|Screenshot from Improviso.|
More after the jump...
The best time to play Improviso, and find other players online, is between 7 - 10pm in your own time zone.
We announced the game at the Dialogue as Gameplay panel (read about the panel on Gamasutra and Newsarama), and it was playable at the GAMBIT booth. Download the game, and get more info on the GAMBIT Improviso page. The official press release is here. You can find additional background materials and concept sketches on the GAMBIT blog. Watch the trailer video below to get a sense of the gameplay.
Watch the trailer on Vimeo.
Gameplay in Improviso is similar to The Restaurant Game, where players are given a role to play through typed text and physical interaction in a 3D environment; however rather than teaching characters how to play a role in society (e.g. a customer or waitress), we will use the data from Improviso to teach characters how to play roles in a story. The Restaurant Game had a nice tie-in to Schank’s idea of the restaurant script. Here we are hoping to show that the same methodology can automate characters from recorded gameplay in a less mundane situation, that we wouldn’t assume has a shared cultural script, yet we expect to find some recurring behaviors drawn from our shared pop-cultural knowledge of science fiction.
|Concept art for the alien.|
It was a bit surprising how challenging it was to get players to do what we hoped they would do in Improviso, relative to The Restaurant Game. When you tell someone to play as a customer or waitress in a restaurant, they know exactly what to do without requiring any more information, but if you say “you’re a G-Man in Area 51,” most people are lost. Plus, a first-person game in a science-fiction setting, with guns and aliens, brings along certain expectations; expectations that are not aligned with the gameplay in Improviso.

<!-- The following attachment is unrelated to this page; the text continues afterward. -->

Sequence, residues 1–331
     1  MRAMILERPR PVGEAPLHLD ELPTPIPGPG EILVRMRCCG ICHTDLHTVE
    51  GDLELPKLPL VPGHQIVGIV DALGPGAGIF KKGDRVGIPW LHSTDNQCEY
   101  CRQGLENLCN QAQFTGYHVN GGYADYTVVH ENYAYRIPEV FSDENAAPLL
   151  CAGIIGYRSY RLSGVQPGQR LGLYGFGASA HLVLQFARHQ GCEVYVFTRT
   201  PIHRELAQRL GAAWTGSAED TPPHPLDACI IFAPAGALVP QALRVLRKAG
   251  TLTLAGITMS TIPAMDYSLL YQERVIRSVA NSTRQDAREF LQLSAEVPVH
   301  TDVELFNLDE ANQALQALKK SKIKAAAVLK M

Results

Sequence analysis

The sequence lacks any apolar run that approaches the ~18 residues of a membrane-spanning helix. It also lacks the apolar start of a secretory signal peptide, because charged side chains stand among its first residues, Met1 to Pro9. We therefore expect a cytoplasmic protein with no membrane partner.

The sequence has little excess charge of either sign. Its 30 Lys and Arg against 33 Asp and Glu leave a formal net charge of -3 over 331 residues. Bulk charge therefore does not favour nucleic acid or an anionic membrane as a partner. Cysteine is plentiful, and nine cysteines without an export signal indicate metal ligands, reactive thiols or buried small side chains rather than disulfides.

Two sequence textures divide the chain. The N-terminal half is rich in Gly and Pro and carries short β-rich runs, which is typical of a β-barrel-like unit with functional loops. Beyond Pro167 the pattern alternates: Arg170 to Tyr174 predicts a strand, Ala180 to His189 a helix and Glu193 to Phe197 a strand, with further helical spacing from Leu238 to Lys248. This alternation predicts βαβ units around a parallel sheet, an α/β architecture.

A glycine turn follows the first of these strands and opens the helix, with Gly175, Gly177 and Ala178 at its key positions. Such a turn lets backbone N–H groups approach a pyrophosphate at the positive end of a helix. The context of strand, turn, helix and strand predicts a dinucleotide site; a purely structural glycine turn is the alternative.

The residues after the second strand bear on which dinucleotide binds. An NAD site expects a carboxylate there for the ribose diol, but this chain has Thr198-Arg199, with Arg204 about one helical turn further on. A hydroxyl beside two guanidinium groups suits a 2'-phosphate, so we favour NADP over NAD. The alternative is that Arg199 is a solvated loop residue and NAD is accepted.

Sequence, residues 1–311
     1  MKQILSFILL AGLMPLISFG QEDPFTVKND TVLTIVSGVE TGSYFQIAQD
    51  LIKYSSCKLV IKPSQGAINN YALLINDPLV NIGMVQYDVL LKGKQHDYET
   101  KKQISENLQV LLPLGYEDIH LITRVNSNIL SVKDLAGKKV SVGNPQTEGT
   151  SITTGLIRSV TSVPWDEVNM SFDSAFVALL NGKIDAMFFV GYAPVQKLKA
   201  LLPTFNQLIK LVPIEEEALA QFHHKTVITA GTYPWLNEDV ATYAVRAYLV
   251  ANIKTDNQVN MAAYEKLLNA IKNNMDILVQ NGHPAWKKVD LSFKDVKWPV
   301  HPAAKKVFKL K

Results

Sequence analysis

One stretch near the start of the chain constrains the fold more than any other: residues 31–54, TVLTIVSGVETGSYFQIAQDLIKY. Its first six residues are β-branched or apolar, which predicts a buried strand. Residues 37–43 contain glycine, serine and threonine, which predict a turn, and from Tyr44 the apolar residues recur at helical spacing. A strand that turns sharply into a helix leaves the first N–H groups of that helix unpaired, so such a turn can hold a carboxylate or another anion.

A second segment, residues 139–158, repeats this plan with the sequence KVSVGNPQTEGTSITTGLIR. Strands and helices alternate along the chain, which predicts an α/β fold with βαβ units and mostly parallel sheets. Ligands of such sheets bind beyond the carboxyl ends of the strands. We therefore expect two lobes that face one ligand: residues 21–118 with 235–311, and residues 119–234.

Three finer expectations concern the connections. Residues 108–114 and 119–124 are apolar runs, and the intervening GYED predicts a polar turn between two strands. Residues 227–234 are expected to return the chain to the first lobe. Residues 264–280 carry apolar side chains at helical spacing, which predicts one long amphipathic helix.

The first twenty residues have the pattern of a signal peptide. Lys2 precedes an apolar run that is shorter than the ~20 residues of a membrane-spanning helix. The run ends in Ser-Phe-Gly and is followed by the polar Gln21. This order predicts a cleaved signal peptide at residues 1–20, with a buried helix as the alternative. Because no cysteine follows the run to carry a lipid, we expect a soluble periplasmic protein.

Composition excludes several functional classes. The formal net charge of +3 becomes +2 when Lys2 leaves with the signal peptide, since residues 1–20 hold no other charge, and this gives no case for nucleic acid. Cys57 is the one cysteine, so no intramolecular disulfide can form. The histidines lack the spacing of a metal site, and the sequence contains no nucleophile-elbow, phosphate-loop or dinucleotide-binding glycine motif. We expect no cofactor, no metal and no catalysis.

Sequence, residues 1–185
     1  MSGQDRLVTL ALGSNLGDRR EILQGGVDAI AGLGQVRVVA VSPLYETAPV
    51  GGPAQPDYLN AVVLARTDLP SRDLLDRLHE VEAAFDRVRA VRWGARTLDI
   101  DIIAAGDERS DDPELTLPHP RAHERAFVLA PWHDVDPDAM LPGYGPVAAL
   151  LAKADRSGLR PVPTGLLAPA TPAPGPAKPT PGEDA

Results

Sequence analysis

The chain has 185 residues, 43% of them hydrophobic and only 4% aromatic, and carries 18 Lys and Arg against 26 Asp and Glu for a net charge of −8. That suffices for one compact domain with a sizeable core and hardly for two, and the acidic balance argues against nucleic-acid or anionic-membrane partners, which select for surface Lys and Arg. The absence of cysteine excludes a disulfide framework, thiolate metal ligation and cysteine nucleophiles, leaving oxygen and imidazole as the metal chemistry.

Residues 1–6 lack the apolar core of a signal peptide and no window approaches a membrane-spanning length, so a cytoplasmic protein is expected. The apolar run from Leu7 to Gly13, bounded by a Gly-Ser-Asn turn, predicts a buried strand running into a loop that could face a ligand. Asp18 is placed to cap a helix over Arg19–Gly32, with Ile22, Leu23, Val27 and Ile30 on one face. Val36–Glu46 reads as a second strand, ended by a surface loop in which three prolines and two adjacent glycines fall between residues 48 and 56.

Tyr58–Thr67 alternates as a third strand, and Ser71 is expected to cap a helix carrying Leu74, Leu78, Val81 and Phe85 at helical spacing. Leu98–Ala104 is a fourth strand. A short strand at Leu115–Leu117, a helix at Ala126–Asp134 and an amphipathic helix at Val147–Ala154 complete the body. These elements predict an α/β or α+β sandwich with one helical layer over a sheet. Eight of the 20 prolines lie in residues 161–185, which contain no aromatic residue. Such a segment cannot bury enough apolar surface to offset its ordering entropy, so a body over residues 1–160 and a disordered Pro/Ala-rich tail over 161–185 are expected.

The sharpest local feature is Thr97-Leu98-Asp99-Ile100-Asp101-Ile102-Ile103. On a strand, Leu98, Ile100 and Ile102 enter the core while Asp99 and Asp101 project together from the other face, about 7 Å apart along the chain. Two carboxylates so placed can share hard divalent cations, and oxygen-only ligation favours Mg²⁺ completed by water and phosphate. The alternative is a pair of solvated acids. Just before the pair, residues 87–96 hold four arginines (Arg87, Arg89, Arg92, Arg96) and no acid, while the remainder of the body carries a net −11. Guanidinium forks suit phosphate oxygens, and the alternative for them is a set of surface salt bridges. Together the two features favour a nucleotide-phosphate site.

So, the challenge with this game was figuring out how to get ordinary players, who might not have any experience with acting or writing, to engage in dramatic improv with strangers online. Below is the list of things we did, to finally get the results we wanted.
- created a detailed tutorial.
- provided examples of expected play (trailer video, and story boards in the tutorial).
- began the game with the players in a situation that forces face-to-face interaction and dialogue (Ted is tied-up, and can’t even move until Agent Smith unties him).
- provided very specific descriptions of what should happen in each scene.
- confined players to specific regions of the set for each scene (e.g inside the spaceship, inside the Area 51 lab).
- started scene one with only two characters, and gradually introduce additional characters in scenes two and three.
- implemented mechanisms to enforce relatively short scenes, such as running out of film, based on a combination of time, the number of lines exchanged, and some randomness.
This project would not have been possible without the support of GAMBIT. Improviso began as an 8-week summer project with a team of nine undergrads (seven from Singapore, plus one from both MIT and RISD). A GAMBIT grant allowed us to continue working on it for about three more months, with a smaller team of two programmers and one artist.